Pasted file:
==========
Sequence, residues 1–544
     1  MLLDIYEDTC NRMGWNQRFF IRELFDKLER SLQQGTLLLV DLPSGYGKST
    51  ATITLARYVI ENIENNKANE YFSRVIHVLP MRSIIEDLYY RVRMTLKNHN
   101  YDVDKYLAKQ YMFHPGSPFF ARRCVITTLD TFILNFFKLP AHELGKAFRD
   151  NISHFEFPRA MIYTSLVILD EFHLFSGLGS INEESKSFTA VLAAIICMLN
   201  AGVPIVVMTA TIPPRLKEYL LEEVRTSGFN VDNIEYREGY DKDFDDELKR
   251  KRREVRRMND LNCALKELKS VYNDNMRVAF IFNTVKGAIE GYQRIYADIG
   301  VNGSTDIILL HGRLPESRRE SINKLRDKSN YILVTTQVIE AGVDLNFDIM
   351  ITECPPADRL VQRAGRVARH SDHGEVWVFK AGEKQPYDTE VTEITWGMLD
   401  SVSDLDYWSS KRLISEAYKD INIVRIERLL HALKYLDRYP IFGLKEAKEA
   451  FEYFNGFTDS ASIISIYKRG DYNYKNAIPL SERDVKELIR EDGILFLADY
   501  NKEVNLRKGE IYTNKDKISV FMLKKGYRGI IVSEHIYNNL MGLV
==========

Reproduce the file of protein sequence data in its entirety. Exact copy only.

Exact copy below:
Sequence, residues 1–544
     1  MLLDIYEDTC NRMGWNQRFF IRELFDKLER SLQQGTLLLV DLPSGYGKST
    51  ATITLARYVI ENIENNKANE YFSRVIHVLP MRSIIEDLYY RVRMTLKNHN
   101  YDVDKYLAKQ YMFHPGSPFF ARRCVITTLD TFILNFFKLP AHELGKAFRD
   151  NISHFEFPRA MIYTSLVILD EFHLFSGLGS INEESKSFTA VLAAIICMLN
   201  AGVPIVVMTA TIPPRLKEYL LEEVRTSGFN VDNIEYREGY DKDFDDELKR
   251  KRREVRRMND LNCALKELKS VYNDNMRVAF IFNTVKGAIE GYQRIYADIG
   301  VNGSTDIILL HGRLPESRRE SINKLRDKSN YILVTTQVIE AGVDLNFDIM
   351  ITECPPADRL VQRAGRVARH SDHGEVWVFK AGEKQPYDTE VTEITWGMLD
   401  SVSDLDYWSS KRLISEAYKD INIVRIERLL HALKYLDRYP IFGLKEAKEA
   451  FEYFNGFTDS ASIISIYKRG DYNYKNAIPL SERDVKELIR EDGILFLADY
   501  NKEVNLRKGE IYTNKDKISV FMLKKGYRGI IVSEHIYNNL MGLV